“I thank you and all who put time and effort into [the packages],” he wrote. “It was very nice and unexpected. .... The thoughts are returned.”
NATO officials were unable to say what the two service members were doing in such a dangerous part of eastern Afghanistan.
The sailors were instructors at a counterinsurgency school for Afghan security forces, according to senior military officials, who spoke on condition of anonymity because of the sensitivity of the case. The school was headquartered in Kabul and had classrooms outside the capital, but they were never assigned anywhere near where the body of the sailor was recovered, the officials said.
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Body of 2nd sailor recovered in Afghanistan
By Amir Shah and Deb Riechmann
The Associated Press
KABUL, Afghanistan — A second sailor who went missing in a dangerous part of eastern Afghanistan was found dead and his body recovered, a senior U.S. military official and Afghan officials said July 29.
The family of Culinary Specialist 3rd Class Jarod Newlove, a 25-year-old from the Seattle area, had been notified of his death, the U.S. military official said on condition of anonymity, because he was not authorized to disclose the information.
Newlove and Hull Maintenance Technician 2nd Class Justin McNeley went missing July 23 in Logar province. NATO recovered the body of McNeley — a 30-year-old father of two from Wheatridge, Colo. — in the area July 25.
Taliban spokesman Zabiullah Mujahid told The Associated Press in Kabul that two days ago the Taliban left the “body of a dead American soldier for the U.S. forces” to recover. The Taliban said McNeley was killed in a firefight and insurgents had captured Newlove. Mujahid offered no explanation for Newlove’s death.
NATO officials have not offered an explanation as to why the two service members were in such a dangerous part of eastern Afghanistan.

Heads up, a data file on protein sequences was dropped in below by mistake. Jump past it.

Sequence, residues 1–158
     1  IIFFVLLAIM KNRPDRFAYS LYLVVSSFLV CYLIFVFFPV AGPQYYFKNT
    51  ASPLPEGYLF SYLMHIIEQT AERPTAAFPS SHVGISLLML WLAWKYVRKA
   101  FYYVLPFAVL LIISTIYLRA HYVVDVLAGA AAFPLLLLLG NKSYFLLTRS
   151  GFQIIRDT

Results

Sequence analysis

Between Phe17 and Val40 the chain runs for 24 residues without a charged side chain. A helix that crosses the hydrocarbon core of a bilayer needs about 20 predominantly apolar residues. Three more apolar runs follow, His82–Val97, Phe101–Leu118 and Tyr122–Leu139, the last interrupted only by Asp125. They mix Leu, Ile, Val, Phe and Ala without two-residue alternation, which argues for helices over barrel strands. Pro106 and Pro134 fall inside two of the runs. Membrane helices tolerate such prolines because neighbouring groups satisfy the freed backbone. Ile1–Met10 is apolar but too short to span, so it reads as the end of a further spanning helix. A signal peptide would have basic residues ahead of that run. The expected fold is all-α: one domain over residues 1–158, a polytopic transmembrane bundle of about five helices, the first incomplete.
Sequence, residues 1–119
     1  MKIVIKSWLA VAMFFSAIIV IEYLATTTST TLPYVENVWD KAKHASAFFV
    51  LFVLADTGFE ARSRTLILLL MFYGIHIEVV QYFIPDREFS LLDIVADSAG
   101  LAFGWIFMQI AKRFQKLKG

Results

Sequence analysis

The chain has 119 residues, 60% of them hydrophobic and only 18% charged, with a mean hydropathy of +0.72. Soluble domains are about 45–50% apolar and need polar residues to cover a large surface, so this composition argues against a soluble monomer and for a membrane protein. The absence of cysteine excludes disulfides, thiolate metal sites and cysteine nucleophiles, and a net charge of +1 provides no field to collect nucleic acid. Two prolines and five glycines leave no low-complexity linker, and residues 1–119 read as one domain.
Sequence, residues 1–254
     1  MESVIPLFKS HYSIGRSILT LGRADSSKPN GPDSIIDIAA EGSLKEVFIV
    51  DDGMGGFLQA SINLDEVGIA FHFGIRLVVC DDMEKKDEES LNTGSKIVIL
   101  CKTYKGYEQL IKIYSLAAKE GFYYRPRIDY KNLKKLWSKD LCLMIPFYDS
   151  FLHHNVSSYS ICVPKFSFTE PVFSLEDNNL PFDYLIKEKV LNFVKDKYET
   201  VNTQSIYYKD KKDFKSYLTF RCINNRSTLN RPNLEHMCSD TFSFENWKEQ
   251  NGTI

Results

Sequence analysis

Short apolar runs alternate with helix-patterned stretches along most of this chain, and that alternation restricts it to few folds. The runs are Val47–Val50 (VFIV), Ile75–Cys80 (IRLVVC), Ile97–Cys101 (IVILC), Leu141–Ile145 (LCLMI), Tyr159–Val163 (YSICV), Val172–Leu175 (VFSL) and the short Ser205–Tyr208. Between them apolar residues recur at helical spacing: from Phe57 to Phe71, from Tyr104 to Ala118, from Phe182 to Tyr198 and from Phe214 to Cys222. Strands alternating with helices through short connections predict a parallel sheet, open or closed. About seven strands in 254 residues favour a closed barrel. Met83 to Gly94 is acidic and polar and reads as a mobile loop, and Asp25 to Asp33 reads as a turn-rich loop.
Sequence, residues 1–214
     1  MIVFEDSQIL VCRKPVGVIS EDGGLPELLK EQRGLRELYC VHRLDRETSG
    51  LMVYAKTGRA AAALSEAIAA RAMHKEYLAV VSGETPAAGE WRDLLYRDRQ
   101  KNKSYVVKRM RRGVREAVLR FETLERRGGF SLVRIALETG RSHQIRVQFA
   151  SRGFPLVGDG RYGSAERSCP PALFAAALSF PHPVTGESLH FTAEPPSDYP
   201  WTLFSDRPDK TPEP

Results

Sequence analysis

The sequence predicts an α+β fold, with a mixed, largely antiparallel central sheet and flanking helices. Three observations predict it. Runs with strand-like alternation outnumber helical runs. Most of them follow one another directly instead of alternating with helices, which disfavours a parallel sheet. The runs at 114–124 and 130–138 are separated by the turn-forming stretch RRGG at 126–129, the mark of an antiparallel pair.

The sailors were individual augmentees at a counterinsurgency school for Afghan security forces, according to senior military officials, who spoke on the condition of anonymity because of the sensitivity of the case. The school was headquartered in Kabul and had classrooms outside the capital, but they were never assigned anywhere near where McNeley’s body was recovered, officials said.
The chief of police of Logar province, Gen. Mustafa Mosseini, said coalition troops removed Newlove’s body about 5:30 p.m. July 28.
Newlove was shot once in the head and twice in the torso, according to Logar provincial spokesman Din Mohammad Darwesh. He speculated Newlove may have been wounded in a shootout with the Taliban and died because there was no medical care available in the rugged mountain area.
Mosseini said he thought the body washed downstream after rains July 27.
He noted in the past several days, the Taliban were being pressured by coalition forces in the area.
“The security was being tightened,” Mosseini said. “Searches continued from both air and the ground. Militants were moving into Pakistan.”
Mohammad Rahim Amin, the local government chief in Baraki Barak district, also said coalition forces recovered a body about 5:30 p.m. and flew it by helicopter to a coalition base in Logar province, about 40 miles away.
“The coalition told our criminal police director of the district that the body belonged to the foreign soldier they were looking for,” Amin said.